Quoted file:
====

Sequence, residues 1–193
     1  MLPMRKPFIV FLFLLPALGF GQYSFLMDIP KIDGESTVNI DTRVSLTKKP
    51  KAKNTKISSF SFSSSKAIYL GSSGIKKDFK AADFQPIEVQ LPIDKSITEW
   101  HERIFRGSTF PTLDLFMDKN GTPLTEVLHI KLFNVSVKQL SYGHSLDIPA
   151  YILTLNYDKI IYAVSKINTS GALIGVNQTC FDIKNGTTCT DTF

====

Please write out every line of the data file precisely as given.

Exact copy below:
Sequence, residues 1–193
     1  MLPMRKPFIV FLFLLPALGF GQYSFLMDIP KIDGESTVNI DTRVSLTKKP
    51  KAKNTKISSF SFSSSKAIYL GSSGIKKDFK AADFQPIEVQ LPIDKSITEW
   101  HERIFRGSTF PTLDLFMDKN GTPLTEVLHI KLFNVSVKQL SYGHSLDIPA
   151  YILTLNYDKI IYAVSKINTS GALIGVNQTC FDIKNGTTCT DTF